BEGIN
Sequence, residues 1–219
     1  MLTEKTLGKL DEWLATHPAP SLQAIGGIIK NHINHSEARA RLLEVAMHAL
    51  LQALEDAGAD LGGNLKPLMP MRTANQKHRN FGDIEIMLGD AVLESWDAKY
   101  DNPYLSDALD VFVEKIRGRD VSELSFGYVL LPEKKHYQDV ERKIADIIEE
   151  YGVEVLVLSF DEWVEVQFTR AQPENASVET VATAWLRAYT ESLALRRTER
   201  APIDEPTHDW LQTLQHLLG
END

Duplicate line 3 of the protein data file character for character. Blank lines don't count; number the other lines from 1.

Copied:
    51  LQALEDAGAD LGGNLKPLMP MRTANQKHRN FGDIEIMLGD AVLESWDAKY